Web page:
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Identifying questions that need answers in depression

Date: 03 June 2016

Category: Depression

Therapist with client

Earlier this year, we announced the top ten research priorities for depression, as agreed by those affected by the condition.

Compiled and ranked from a survey that reached over 3,000 participants generating nearly 10,000 questions, these provide guidance to researchers on the issues that could make the greatest impact for people living with or affected by depression.

Depression Top 10

  1. What are the most effective ways to prevent occurrence and recurrence of depression?
  2. What are the best early interventions (treatments and therapies) for depression? And how early should they be used in order to result in the best patient outcomes?
  3. What are the best ways to train healthcare professionals to recognise and understand depression?
  4. What is the impact on a child of having a parent with depression and can a parent prevent their child from also developing depression?
  5. What are the best ways to inform people with depression about treatment options and their effectiveness in order to empower them and help them self-manage?
  6. What are the barriers and enablers for people accessing care/treatment when they are depressed, including when feeling suicidal, and how can these be addressed?
  7. Does depression impact employment? How can discrimination and stigma of depression in the workplace be overcome, and how can employers and colleagues be informed about depression?
  8. What are the best ways to help friends and family members to support people with depression?
  9. Are educational programmes on depression effective in schools for reducing stigma?
  10. What is the impact of wait times for services for people with depression?

Depression is one of the most common mental health conditions, affecting one in 10 adults each year in the UK – more than six million people. If left untreated, it can have a serious impact on a person’s health, their work and their family life. Most worryingly, it can lead to suicide – the biggest killer of young men in the UK.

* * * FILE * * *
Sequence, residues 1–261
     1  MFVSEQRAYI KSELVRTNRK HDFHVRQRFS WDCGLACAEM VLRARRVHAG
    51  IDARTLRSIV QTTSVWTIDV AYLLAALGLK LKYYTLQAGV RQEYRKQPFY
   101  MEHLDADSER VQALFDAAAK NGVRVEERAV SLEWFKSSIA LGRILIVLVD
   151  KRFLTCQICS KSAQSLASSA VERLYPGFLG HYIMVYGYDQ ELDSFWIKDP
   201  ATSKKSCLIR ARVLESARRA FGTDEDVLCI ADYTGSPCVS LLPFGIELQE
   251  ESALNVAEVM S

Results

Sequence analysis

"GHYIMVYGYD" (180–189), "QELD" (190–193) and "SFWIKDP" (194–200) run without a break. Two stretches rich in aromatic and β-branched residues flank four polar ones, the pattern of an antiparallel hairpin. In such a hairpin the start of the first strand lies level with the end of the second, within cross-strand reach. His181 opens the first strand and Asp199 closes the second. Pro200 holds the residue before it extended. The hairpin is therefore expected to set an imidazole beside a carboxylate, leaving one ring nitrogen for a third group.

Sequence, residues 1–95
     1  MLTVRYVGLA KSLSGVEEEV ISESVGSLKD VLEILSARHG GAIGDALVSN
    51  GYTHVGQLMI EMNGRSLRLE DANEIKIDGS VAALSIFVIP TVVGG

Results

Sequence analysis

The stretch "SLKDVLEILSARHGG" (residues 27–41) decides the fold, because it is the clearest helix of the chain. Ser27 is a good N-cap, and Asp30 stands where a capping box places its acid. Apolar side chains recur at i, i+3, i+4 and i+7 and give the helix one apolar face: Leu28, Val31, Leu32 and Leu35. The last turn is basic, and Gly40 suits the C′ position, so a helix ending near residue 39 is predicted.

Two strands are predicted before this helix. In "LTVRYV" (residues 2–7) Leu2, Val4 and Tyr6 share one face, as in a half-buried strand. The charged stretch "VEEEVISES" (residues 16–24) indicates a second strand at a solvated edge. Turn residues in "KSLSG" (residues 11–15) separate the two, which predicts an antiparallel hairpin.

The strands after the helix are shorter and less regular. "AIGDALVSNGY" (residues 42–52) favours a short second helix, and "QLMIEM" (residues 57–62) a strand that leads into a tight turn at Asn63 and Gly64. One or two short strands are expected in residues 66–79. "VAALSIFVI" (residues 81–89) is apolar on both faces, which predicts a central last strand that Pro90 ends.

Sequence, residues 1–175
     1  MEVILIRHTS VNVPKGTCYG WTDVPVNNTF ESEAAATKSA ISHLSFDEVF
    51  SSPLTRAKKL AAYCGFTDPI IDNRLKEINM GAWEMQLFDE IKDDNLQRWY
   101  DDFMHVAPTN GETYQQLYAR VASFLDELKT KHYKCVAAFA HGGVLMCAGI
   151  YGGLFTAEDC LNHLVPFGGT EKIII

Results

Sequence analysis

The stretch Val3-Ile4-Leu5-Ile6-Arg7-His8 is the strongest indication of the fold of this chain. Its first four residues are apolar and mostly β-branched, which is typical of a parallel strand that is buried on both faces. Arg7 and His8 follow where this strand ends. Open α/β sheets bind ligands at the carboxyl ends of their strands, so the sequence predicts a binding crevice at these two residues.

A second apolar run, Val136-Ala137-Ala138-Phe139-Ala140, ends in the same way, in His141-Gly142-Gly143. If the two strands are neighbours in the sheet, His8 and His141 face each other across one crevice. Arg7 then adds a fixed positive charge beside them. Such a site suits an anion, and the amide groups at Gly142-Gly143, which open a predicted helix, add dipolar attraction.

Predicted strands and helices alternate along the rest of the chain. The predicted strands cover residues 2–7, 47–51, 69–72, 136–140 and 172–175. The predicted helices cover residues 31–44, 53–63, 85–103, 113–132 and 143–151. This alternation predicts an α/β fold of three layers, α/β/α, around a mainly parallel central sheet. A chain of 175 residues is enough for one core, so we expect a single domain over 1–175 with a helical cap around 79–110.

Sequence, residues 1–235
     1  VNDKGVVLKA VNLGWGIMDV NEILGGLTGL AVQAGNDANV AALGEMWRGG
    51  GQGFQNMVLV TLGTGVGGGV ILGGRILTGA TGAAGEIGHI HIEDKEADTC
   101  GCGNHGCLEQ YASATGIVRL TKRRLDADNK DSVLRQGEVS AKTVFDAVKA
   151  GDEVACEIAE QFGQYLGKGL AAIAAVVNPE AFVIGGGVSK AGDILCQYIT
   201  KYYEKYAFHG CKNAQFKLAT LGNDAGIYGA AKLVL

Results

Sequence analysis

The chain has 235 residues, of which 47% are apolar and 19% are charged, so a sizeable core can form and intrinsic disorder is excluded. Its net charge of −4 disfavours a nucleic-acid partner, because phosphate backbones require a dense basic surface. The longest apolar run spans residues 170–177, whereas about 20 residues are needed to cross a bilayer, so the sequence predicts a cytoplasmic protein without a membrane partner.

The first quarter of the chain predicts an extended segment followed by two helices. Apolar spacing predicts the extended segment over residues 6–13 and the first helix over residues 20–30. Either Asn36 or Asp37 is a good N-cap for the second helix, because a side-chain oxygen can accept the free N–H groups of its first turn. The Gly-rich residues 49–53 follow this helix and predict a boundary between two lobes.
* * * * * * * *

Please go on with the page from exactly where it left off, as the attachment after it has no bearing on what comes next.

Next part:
It is not surprising then that understanding “what is the best early treatment for depression?” was number two of our Top Ten Depression Priorities.

This is such a great question, with so much potential to help people affected. Researchers can approach it from many different angles too. For example, they could look early in life at treatments that work well for teenagers and young adults, the time when symptoms most often appear or for older people for whom depression is also common.

It’s not just about the treatment someone receives. Our survey participants told us that it is also important to have the knowledge and skills to be able to manage their condition in their day-to-day life. In physical health, self-management of symptoms is a common thing – and is backed up by evidence of what works, but when it comes to mental health conditions, like depression, our evidence base is lacking.

This issue was number five in our priority list and it’s clear that further research on self-management is needed if we are going to provide the best opportunities for people with depression to lead fuller, healthier, and happier lives.

People with depression are also looking for meaningful support in their day-to-day lives, whether at home, at school or in the office. At least three of the ten questions in our Top Ten list concerned the need for good evidence on how we can best enable help and support from family friends and peers. The environmental and social aspects of depression cannot be overestimated.

Where do we go from here?

The Top Ten list of questions concerning depression is just a first step toward research that addresses what matters to people most. Research funders and researchers need to work on turning these important questions into realistic and fundable research projects. We are calling on researchers from across disciplines to champion this effort and are working with a range of funders to build support for projects that will help address the Top Ten.

The good news is that research funders like NIHR and MQ are already funding research to tackle these questions head on. Our work to uncover new treatments and improve existing ones will be truly transformative in getting people the care they need at the earliest possibility. But we need your help.

There are many ways you can play a role in helping tackle the issue through research, whether through getting involved yourself, sharing your ideas or even your data , or donating to fund the next new advances.

Depression affects us all - we all can be a part of the solution.

MQ is proud to be the sponsor of the Depression: Asking the Right Questions project in partnership with over 30 organisations and charities. It was independently overseen by the James Lind Alliance , a non-profit making initiative, hosted by the National Institute for Health Research . Visit http://www.joinmq.org andhttp://www.depressionarq.org to learn more about the project and to work with us in tracking research progress.

  • Summary:

    Where should research into depression go next? A survey has identified the top ten priorities.

About the author

Cynthia Joyce


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